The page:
Palm Partnership Training

lynn palmAn equine nutritionist should be a member of your team of professionals who help you maintain a healthy and happy equine partner. This professional, however, is one that many horse owners may not be familiar with because not every veterinary practice has a vet who specializes in nutrition. Equine nutritionists are most often found at vet schools, but your local agricultural extension department should be able to give you the name of one in your area.

In the event that you cannot locate a local equine nutritionist, a good equine veterinarian should know the basics of nutrition. Your local feed store also should have someone on staff who is knowledgeable about their products. Remember, however, that they are trying to sell their products so you have to be somewhat knowledgeable yourself and use your common sense when selecting feed and hay for your horse.

The old saying “you get what you pay for” applies to selecting your horse’s feed. Quality nutrition is critical for his health and it is worth the price. It is your responsibility to provide your horse with high quality “groceries.”

Good quality hay should make up the majority of a horse’s daily diet. Hay should be leafy, bright green, and have a sweet, “new mown” fragrance. Inspect each bale of hay you buy if possible. If it is not possible to inspect the hay when you purchase it, and even if you did inspect it at purchase, be sure to inspect it as you use it. Never feed moldy or dusty hay as it can aggravate allergies in your horse!

Weedy hay lacks nutrients and tends to be dusty. Depending on the type and quantity of weeds in the hay, it can be potentially poisonous to your horse. Woody hay (lots of stems) is difficult for a horse to digest and offers little nutritional value.

You need to ask your equine nutritionist the protein level of the hay you feed. Young horses, working horses, and breeding horses require higher protein levels. The ideal hay is “first crop” hay. It tends to have higher protein levels than later cuttings. The only way to accurately determine the protein level of hay is to test it. For a nominal fee, a University Extension Office or feed mill can test hay for protein level, digestibility, and other important nutrients. Using the test results, a nutritionist can recommend a balanced ration, including exactly what supplements to add to provide proper nutrition for a specific horse.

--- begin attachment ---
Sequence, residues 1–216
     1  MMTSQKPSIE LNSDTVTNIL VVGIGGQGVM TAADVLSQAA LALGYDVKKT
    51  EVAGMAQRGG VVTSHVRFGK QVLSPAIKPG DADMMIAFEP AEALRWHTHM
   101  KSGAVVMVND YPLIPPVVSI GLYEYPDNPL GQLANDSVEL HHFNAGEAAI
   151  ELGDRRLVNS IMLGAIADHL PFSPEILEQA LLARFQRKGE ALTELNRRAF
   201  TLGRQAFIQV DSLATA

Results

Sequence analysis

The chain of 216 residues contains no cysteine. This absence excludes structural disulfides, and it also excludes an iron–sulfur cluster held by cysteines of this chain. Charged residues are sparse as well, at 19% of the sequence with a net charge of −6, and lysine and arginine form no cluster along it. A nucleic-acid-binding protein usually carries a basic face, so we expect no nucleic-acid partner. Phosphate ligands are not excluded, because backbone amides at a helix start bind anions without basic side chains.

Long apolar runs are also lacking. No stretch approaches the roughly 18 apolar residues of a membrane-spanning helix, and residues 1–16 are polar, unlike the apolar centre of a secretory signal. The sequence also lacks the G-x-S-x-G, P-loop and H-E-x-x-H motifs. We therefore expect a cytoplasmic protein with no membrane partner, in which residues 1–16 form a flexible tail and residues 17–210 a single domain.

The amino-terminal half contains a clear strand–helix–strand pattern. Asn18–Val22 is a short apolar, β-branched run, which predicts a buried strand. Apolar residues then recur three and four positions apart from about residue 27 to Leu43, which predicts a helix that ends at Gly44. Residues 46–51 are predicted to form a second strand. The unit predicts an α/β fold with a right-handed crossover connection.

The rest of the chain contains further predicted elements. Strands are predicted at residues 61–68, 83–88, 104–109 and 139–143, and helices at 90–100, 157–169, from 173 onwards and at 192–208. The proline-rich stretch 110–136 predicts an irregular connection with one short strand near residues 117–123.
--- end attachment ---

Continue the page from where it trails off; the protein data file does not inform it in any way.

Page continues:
Like hay, grain should be of the highest quality possible. The amount and type of grain also depends on your horse’s age, performance level, and breeding demands. I recommend Purina feeds based on my experience with my own working and performance horses. I have had particularly good results with their product “Strategy” which is designed for performance horses. Pre-mixed feeds offer a more complete nutritional package rather than feeding straight grains like oats. These feeds can be fed with hay or as a complete feed.

A horse’s intake of hay and grain will vary by season as well as the factors mentioned above. Do not forget that fresh water is your horse’s most important nutrient. Without it his digestive system would come to a grinding halt. You should watch your horse’s water intake year round but particularly in the winter when horses tend to drink less. You may have to add salt to his feed or a flavoring to his water to encourage your horse to drink in the winter. Ask your veterinarian or nutritionist if this becomes a problem.

A horseman must develop an “eye” for a horse’s health and condition and learn to properly evaluate if the quantity and type of nutrition provided is adequate. If you do not feel you have that ability, then it is your responsibility to consult with your veterinarian and equine nutritionist!

Feeding Tips for Performance

The decision to feed your horse supplements depends on several factors. They include the geographical area where your horse lives, his age, and his special health needs. At minimum, your horse should have free access to a mineral salt block that will provide him with important trace minerals. Young horses, age six or less, should be given calcium and phosphorus supplements to help them build strong bones.

I also recommend supplementing one weekly feeding with warm bran mash to encourage regularity. A meal of bran once a week is part of my feeding program. Most horses love this special treat! Bran may be purchased at most feed mills.

Here is my favorite recipe for a delicious bran mash that you can use for special occasions like Christmas and your horse’s birthday as well as for part of your weekly feeding program. Your horse will thank you! Recipe: Substitute bran for one-half of the feed that you would normally feed in one meal. Sprinkle in approximately one-half cup of brown sugar and a tablespoon of salt (especially important in the winter to encourage drinking more water). Add warm water and stir until the mixture is very moist. Top with apple slices and carrot pieces and serve to your happy horse. Repeat weekly.

Biotin is a supplement that is commonly given to horses to help improve hoof condition. Other supplements such as vitamins, selenium, and electrolytes may be necessary depending upon the geographical location of your horse. If the soils where your grain and hay are harvested are deficient in these micronutrients, they should be supplemented in a feeding program. Your veterinarian and/or nutritionist can advise you on the need for supplements and how much your horse should be receiving for optimal nutrition.

Recommendations on deworming are changing due to concerns about parasite resistance. You should consult with your vet to develop a worming program for your horse that will help protect his health and make sure the products you use are effective and used properly.

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